Days after Islamist militants swarmed the northern Iraqi city of Mosul, about 500,000 residents -- including Iraqi troops -- are exiting the city.
The BBC describes a frightening scene:
Residents of Mosul - Iraq's second city - said jihadist flags were flying from buildings and that the militants had announced over loudspeakers they had "come to liberate" the city. "The situation is chaotic inside the city, and there is nobody to help us," said government worker Umm Karam. "We are afraid." Many police stations were reported to have been set on fire and hundreds of detainees set free... The BBC's Jim Muir says the Iraqi security forces appear to have nothing to fight back against the ISIS militants.
The siege was accomplished swiftly, with members of the al Qaeda offshoot known as the Islamic State of Iraq and Syria (ISIS) taking control on Monday night after weekend clashes. The militants also ransacked the city's banks:
Just in: Iraq confirms Islamic Militants looted $429 million from Mosul banks, making them richer than some small countries - @WilliamsJon— ABC News (@ABC) June 11, 2014
Now, reports are emerging that ISIS has also taken control of Baiji, an oil refinery town where weapons are stored:
Reports: ISIS near Baiji. That place is home to 40% of #Iraq oil refining & one of its biggest weapons stores. Maliki faces huge test.— Mark Urban (@MarkUrban01) June 11, 2014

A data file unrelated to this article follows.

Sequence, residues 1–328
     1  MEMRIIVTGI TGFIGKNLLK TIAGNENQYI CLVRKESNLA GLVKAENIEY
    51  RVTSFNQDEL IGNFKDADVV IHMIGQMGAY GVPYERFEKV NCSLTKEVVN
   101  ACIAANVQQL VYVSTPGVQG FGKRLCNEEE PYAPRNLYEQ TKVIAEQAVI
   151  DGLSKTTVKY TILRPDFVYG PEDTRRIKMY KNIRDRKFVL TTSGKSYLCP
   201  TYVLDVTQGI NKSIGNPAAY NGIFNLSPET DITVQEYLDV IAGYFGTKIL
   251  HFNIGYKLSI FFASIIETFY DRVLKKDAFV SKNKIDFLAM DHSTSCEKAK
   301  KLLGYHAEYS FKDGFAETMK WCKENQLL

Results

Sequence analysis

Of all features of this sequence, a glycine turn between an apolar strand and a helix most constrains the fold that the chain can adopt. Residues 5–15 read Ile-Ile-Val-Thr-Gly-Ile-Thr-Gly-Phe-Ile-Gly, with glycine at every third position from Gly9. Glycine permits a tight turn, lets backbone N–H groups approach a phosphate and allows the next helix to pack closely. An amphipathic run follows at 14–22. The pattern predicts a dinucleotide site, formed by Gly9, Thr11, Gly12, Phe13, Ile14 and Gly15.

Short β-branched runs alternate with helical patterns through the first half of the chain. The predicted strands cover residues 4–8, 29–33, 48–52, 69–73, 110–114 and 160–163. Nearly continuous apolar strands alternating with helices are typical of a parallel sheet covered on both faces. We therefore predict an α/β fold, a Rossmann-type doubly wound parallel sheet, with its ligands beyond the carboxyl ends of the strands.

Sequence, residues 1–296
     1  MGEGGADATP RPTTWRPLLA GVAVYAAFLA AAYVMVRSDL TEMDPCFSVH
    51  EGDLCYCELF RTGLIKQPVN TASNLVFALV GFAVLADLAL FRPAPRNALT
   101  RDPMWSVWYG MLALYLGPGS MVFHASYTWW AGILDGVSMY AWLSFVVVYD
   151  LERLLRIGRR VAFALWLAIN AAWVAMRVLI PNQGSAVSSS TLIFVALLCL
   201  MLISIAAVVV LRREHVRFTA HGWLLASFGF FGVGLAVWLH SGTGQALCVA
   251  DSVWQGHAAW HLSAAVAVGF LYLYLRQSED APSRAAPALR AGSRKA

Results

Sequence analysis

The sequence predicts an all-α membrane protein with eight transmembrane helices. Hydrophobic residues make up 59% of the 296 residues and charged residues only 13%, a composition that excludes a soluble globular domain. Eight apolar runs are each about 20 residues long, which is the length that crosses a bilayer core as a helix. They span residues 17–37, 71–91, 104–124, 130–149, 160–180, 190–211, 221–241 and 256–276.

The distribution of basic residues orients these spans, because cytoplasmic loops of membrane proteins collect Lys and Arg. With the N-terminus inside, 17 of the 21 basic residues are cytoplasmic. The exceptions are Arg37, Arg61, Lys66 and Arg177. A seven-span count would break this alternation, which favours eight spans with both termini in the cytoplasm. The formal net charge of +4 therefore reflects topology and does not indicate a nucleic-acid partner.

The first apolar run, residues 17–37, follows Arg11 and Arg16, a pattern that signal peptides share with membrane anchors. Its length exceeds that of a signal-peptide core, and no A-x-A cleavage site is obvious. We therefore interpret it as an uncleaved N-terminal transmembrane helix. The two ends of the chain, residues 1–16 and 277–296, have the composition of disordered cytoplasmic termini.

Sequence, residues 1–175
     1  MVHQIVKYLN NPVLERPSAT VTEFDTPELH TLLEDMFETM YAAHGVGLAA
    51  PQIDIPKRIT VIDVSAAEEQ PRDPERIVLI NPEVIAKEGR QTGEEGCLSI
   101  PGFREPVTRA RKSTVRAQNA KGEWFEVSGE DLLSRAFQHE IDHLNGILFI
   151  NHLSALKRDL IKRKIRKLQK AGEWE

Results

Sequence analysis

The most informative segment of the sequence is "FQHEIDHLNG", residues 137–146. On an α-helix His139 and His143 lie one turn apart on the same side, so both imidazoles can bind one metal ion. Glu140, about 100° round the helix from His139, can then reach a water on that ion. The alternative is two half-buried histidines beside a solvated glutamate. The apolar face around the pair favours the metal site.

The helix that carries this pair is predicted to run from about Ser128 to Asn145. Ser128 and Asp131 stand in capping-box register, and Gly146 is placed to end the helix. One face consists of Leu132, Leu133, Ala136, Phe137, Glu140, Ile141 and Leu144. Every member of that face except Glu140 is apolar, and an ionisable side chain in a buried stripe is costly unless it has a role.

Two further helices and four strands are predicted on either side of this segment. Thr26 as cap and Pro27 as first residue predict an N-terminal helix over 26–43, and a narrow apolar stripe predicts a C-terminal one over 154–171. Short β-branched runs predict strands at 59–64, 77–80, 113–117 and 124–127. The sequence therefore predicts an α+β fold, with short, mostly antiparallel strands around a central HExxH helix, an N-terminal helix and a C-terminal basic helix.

The group -- which is too radical even for its parent -- has been fighting alongside Sunni militants in Syria, gaining experience in the neighboring country before making moves in Iraq. The Telegraph reports that the steady rise of ISIS in Iraq has been underplayed because of the crisis in Syria, and describes how it gathered strength:
[ISIS was] able to use both the human and financial resources for which the Syrian "cause" has been been a successful advertisement, particularly from religious sympathizers in the Gulf. More than in Syria, ISIS in Iraq took care not to alienate local populations. Some of the Sunni tribes who turned on al-Qaeda when it was fighting the Americans eight years ago were by now deeply hostile to the Shia-led government of Nouri al-Maliki.
Iraqi leaders have harsh words for members of the military fleeing their posts in Mosul. "The (Iraqi) forces abandoned their weapons and the commanders fled, leaving behind weapons, armored vehicles -- their positions were easy prey for terrorists," said the country's parliamentary speaker of the situation in Mosul. Prime Minister Nuri al-Maliki added on Wednesday that all military leaders who left the city will be court-martialed.
The government said today that it will work together with Kurdish forces to try to regain control in the area.
This article is from the archive of our partner The Wire.
We want to hear what you think about this article. Submit a letter to the editor or write to firstname.lastname@example.org.